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Is there another way to determine monotonicity besides $U_{n+1} - U_n$?

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U_{n+1} / U_n. More generally, you can compose U_n with any increasing function (this preserves monotonicity), then test the monotonicity of the new sequence. – Qiaochu Yuan Oct 30 '10 at 19:01
(I'm in a silly mood, sorry) I find most sequences very dull, so for me the test would be $P(U_n$ is monotonous $) = 1$ almost always. – Loop Space Oct 30 '10 at 19:03
Andrew is funny, but I'd lower the probability to $1-\epsilon$ where $\epsilon$ is exceedingly tiny. In any event, it's "monotonicity". – J. M. Oct 30 '10 at 22:54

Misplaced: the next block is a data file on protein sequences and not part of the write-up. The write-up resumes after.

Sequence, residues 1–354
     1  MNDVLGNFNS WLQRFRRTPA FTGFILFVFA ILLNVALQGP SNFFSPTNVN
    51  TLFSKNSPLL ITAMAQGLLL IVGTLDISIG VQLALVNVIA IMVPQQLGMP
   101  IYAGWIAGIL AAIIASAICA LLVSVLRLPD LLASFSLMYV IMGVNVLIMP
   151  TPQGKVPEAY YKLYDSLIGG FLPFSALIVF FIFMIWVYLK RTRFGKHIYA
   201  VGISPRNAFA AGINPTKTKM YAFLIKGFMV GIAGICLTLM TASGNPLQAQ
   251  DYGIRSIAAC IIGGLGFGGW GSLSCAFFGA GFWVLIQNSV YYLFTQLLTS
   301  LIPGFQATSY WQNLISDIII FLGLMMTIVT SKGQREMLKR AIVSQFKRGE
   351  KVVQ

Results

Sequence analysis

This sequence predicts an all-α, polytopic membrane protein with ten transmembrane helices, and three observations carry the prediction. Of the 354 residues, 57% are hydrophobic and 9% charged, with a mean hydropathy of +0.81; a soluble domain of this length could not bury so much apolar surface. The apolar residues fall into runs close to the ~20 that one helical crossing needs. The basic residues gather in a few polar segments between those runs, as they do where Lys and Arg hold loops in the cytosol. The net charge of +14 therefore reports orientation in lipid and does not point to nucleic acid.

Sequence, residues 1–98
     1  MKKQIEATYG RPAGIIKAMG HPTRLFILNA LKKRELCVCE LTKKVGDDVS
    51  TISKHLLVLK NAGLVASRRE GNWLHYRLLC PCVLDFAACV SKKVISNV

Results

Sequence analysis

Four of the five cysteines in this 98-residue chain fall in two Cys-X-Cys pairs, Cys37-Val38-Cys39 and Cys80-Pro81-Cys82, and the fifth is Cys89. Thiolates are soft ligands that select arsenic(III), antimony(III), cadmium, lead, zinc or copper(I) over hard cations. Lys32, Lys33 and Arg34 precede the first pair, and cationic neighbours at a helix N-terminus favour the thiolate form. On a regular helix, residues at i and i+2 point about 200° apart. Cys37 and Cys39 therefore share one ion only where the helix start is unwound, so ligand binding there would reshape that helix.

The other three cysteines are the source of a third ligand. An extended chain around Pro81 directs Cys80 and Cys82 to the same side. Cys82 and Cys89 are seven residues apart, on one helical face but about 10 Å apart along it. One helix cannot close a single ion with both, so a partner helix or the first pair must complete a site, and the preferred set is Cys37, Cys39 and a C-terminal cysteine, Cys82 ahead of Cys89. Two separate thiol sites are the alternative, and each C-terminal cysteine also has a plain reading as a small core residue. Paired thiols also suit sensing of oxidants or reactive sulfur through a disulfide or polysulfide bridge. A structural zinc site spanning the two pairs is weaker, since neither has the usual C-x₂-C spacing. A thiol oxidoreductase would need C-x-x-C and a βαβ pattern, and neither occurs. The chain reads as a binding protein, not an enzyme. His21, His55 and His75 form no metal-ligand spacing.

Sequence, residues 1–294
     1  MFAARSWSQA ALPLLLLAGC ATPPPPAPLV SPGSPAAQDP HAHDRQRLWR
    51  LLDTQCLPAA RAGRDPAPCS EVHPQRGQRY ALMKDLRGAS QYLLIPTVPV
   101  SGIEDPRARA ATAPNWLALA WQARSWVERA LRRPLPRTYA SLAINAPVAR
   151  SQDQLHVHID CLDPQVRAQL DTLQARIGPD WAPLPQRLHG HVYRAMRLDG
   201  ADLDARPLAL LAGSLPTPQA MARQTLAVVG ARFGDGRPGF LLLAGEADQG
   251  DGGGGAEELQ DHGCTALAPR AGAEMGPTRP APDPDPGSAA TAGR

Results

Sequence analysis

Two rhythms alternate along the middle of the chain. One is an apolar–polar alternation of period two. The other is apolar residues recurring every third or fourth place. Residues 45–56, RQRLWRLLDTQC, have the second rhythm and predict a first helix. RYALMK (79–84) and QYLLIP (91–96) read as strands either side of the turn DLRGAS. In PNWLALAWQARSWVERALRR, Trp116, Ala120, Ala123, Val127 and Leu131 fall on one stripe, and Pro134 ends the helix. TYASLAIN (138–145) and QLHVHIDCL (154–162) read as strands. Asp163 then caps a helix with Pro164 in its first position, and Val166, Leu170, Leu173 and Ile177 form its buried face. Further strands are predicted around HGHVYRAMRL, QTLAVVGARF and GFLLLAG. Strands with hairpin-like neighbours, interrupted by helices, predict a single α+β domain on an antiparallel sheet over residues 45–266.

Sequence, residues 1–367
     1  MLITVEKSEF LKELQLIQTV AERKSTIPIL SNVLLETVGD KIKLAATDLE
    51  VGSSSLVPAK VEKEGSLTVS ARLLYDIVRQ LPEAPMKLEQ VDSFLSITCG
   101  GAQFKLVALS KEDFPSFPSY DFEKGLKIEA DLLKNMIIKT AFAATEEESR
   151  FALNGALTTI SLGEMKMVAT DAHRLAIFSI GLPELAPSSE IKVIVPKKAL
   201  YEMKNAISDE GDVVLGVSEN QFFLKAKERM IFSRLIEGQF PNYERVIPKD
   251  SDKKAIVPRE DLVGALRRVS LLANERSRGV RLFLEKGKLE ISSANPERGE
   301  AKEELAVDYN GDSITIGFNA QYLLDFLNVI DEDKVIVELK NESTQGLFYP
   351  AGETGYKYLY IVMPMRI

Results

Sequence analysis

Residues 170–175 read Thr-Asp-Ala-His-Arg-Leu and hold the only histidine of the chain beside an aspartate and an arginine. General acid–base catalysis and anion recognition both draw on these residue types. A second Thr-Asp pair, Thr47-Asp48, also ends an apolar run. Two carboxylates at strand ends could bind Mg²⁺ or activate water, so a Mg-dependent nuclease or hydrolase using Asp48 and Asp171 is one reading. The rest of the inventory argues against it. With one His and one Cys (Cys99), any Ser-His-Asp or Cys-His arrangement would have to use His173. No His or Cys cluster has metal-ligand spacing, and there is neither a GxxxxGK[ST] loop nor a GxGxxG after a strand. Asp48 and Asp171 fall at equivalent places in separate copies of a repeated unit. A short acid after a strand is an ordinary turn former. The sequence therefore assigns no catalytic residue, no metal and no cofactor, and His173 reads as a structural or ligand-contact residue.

Thanks hehe :P Duly edited – Qosmo Oct 30 '10 at 23:56
up vote 2 down vote accepted

I'll write something so this question doesn't remain unanswered.

Sometimes it can be quite difficult to prove that a sequence is increasing. For example, Smetaniuk gave a proof that the number of Latin squares $L_n$ (Sloane's A002860) is increasing (actually, he proved $L_{n+1} \geq (n+1)!L_n$), which is one of the best results around regarding the mysterious $L_n$.

Smetaniuk, Bohdan A new construction of Latin squares. II. The number of Latin squares is strictly increasing. Ars Combin. 14 (1982), 131–145.

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